On Writing ‘Fireball’
My work pretty much always begins with material substances. I loved it when I read Martin Puryear’s description of having a sapling and wanting to do the right thing with it. The sapling came first, and Booker T Washington came after.
I collect material a bit in the way of Betye Saar or Louise Nevelson. You sense and recognize, find, search out, discover things that belong to you; you keep them, turn them over, feel them until the material that will complete the fragments shows up, then you work with it, you give it spit and tears and laughter.
I was smitten with the material of a young person treasuring a formative experience of paternal love and approval, and suffering the gift to be withdrawn, rendered null, denied by him. This loss, its self doubt and subsequent vacuum is of a piece with the rest of our young woman’s world: she must either struggle up and come to grips, master the story of her life, or have it spoon fed to her straitjacketed by those weaker than herself.
As with my women, I want to write queer characters that have something to do besides be queer in the story. I’m really fed up with the whole rap that if I write a gay character, it’s a gay story. There are LGBT people everywhere in the world; our experience and contribution affects many people besides other queers. We have more to do on Earth than explain our sexuality or appear as exotic set pieces.The people we are to other people makes a difference in the world.
So I love that at the still point of this story, riding in the center of the wheel, is the Fisher King; as the story circles its protagonist, it’s the hand of this fallen angel that pulls her from the periphery where centrifugal force has cast her, sets her in the center of her own life to write her own rules amid the reversals and syncopes natural to life.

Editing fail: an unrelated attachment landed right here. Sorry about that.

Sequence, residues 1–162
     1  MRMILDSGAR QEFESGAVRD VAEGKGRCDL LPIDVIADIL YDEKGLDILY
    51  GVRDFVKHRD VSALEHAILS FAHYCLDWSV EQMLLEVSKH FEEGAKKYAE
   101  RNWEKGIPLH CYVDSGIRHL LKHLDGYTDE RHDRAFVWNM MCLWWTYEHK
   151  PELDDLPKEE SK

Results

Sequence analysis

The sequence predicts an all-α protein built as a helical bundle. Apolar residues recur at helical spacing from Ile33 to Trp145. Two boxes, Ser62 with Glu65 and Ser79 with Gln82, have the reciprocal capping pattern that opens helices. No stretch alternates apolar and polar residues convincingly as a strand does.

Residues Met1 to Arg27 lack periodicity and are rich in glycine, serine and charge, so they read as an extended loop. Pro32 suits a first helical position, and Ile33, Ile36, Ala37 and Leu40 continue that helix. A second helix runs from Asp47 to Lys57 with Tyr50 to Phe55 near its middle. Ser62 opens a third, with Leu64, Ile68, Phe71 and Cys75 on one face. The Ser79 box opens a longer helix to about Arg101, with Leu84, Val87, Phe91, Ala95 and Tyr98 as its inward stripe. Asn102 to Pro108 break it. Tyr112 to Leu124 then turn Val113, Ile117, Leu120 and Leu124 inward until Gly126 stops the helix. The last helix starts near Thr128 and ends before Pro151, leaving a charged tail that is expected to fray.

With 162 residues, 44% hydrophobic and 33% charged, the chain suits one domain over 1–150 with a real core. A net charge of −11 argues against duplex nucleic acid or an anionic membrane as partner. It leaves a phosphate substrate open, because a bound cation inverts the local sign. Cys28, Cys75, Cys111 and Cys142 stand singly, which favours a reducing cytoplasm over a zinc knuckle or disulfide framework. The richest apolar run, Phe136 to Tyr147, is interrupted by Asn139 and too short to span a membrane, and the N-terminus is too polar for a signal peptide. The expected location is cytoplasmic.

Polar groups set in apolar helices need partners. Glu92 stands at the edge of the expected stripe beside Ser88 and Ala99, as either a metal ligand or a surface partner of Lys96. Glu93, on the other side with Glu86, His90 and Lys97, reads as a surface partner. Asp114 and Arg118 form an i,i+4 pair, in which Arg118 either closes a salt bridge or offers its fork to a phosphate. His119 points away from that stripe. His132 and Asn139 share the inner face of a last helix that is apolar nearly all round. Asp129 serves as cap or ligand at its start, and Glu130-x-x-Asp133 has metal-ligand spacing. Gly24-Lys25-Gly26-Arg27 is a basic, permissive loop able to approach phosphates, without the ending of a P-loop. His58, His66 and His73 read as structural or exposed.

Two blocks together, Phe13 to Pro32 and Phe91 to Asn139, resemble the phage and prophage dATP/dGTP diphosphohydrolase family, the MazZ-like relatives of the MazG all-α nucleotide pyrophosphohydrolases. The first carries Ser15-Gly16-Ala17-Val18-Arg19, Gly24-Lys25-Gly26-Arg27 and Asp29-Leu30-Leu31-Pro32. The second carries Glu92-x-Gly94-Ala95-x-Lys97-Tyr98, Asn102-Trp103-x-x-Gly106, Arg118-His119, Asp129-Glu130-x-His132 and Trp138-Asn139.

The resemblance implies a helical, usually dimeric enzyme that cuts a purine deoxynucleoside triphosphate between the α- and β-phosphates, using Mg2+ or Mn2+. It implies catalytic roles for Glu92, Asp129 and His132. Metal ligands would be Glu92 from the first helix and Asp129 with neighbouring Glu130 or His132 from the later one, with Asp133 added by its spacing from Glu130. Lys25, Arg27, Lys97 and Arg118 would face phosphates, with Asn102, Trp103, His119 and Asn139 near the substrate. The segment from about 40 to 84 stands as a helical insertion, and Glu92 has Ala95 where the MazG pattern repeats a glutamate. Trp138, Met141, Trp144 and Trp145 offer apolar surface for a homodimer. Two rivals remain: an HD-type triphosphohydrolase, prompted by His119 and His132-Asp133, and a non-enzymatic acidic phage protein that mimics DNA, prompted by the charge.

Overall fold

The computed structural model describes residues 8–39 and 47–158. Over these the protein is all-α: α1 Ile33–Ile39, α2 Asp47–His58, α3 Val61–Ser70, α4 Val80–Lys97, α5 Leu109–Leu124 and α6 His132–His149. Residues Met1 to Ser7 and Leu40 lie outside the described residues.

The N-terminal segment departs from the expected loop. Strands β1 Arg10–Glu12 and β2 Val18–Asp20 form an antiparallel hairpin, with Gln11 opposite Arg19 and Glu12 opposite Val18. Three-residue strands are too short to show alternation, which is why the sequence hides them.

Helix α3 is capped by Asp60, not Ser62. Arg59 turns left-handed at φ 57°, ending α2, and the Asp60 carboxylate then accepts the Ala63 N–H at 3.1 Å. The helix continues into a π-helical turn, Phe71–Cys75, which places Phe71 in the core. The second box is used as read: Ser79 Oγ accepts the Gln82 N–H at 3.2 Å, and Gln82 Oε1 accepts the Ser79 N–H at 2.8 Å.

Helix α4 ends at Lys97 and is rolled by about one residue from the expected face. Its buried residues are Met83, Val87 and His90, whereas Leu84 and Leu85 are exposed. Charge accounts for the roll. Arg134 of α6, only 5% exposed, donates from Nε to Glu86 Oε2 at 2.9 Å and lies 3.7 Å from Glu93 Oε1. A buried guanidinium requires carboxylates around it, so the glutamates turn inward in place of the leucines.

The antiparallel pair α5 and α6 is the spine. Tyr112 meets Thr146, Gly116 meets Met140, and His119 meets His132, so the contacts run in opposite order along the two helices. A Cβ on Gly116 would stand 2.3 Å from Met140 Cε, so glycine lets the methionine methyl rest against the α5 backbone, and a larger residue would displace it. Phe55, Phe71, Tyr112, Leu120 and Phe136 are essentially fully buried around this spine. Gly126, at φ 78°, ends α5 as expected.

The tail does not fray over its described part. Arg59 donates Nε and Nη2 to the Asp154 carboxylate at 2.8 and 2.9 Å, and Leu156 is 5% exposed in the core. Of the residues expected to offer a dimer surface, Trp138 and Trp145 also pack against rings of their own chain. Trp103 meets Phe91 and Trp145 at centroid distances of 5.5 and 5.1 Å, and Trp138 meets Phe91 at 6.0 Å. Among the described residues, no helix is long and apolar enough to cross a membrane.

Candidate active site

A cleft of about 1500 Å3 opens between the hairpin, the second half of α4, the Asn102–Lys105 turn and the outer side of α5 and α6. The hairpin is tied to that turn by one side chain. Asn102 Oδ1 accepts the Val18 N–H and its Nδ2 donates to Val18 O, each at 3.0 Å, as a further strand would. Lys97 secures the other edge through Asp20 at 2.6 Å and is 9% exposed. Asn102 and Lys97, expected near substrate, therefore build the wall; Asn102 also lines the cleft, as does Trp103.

There’s vital connection in this story: a young woman in the trial and turbulence of a rite of passage receives redemption. It’s a very tribal, Christ-like moment with the playing card in the valley of unbelief: Take, eat, this is my body – certainly a rhythm Eliot was writing from in the quoted lines (I’ve been reading his pageant play, “The Rock,” for a novel I’m working on). There in the very bed of appropriation, the Fisher is de-mystified and reawakens to his own power. There’s mutual healing, Marvin Gaye variation. I loved writing a character that was shape-shifter, father figure and steamy middle-age bad-boy all in one.
This story evolved as I wrote it, and obviously, I’ve other concerns. I’m a formalist at heart, and the opportunity to write parallax was delicious. I hope to see more of the young woman in this story.
Susan MaierMoul is a writer and photographer based in New York. She won the 2014 Sean O’Faolin Short Story Prize for her story, ‘Pleasure’.